EC Removes Restraints on Northern Rock, Bradford & Bingley Bonds

The European Commission removed restrictions on the redemption and payment of interest on the debt of Northern Rock (Asset Management) Plc and Bradford & Bingley Plc, the two U.K. lenders nationalized in 2008.

The EC removed the restraints on the subordinated bonds because the rules are now expected to increase, rather than reduce, the cost of the U.K. government winding down the banks after their financial performance improved, the companies said in separate statements today. Bondholders will only be repaid if their entire liability with the bank is extinguished and they own less than 130 million pounds ($213 million).

Northern Rock was the first British casualty of the U.S. subprime-mortgage market collapse and was taken over by the state more than six years ago after suffering the first run on a U.K. bank in more than a century. Bradford & Bingley was rescued the same year after credit markets froze following Lehman Brothers Holdings Inc.’s collapse. U.K. Asset Resolution Ltd. owns both lenders and has repaid 10.4 billion pounds of government funding, reducing its outstanding taxpayer debt to 38.3 billion pounds, it said in June.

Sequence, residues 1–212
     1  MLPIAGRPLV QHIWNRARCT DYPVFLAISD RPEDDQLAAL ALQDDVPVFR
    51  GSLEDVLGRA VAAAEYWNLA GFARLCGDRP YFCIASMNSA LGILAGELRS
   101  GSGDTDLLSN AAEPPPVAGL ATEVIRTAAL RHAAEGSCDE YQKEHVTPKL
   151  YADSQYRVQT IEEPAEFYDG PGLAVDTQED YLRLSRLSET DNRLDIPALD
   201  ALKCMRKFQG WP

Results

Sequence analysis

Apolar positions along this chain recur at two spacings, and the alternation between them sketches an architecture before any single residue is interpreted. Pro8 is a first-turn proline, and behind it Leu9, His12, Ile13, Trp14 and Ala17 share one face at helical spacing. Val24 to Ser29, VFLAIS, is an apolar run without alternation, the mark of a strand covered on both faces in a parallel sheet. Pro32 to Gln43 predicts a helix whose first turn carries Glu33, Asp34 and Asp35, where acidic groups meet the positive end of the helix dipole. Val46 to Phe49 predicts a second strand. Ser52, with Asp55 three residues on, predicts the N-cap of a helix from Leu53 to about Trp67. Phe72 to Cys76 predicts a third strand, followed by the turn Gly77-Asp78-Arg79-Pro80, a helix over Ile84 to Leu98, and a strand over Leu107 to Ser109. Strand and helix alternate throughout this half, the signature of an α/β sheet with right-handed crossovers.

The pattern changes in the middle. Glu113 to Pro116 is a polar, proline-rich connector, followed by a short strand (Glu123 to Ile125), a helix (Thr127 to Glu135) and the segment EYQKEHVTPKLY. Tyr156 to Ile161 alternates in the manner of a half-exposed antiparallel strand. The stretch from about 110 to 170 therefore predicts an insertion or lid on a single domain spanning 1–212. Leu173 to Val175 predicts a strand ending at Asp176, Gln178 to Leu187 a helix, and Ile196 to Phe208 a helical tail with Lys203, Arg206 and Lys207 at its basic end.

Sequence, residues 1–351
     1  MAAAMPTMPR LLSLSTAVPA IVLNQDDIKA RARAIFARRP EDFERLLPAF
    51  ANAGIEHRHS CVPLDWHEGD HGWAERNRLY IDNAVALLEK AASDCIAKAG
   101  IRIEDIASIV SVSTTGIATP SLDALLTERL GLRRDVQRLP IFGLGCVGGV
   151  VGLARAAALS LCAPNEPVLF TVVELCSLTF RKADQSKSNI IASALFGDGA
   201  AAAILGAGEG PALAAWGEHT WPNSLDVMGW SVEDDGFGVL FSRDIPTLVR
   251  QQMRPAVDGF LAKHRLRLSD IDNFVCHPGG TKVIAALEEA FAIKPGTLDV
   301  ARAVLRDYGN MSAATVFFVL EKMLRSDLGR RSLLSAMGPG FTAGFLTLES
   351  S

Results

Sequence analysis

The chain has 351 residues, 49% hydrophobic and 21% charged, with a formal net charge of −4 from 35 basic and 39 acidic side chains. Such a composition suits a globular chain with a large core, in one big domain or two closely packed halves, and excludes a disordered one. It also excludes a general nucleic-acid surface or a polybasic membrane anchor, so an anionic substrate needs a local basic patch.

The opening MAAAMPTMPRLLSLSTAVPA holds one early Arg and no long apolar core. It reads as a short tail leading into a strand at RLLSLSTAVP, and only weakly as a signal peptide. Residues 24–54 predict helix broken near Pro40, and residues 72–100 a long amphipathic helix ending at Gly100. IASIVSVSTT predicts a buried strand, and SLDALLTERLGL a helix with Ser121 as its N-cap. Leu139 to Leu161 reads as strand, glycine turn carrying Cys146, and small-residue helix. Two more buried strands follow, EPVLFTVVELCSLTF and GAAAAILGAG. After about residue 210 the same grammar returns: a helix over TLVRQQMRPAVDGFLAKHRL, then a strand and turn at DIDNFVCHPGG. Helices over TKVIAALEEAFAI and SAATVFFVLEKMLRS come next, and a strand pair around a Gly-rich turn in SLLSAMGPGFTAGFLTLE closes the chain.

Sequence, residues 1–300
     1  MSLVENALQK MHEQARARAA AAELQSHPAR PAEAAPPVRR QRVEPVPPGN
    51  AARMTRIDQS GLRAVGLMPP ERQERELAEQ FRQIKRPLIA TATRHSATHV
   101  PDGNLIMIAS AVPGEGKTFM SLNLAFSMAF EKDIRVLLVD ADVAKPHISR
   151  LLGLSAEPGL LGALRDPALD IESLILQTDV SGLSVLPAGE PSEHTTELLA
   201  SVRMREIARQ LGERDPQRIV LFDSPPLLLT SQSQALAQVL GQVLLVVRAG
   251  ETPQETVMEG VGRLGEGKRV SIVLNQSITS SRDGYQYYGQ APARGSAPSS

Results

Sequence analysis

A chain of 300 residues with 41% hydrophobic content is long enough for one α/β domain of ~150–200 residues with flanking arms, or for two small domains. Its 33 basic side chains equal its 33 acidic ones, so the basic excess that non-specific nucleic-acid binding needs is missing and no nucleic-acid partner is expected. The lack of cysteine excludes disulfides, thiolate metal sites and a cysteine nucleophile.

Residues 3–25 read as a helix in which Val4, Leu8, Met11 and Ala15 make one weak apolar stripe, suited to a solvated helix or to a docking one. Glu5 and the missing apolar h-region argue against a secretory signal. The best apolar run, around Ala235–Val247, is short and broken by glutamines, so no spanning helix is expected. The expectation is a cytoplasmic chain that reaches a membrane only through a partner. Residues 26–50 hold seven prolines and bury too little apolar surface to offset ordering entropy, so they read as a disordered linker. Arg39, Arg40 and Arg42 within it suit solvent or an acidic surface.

The restrictions, which banned the exercise of call options and coupon payments on the banks’ subordinated bonds, were originally imposed to ensure debt holders contributed to the banks’ restructuring, because both were assumed to be wound down in an insolvent state.

Bradford & Bingley and NRAM “are considering all options in light of the announcement and the terms and conditions of the debt instruments,” they said today.

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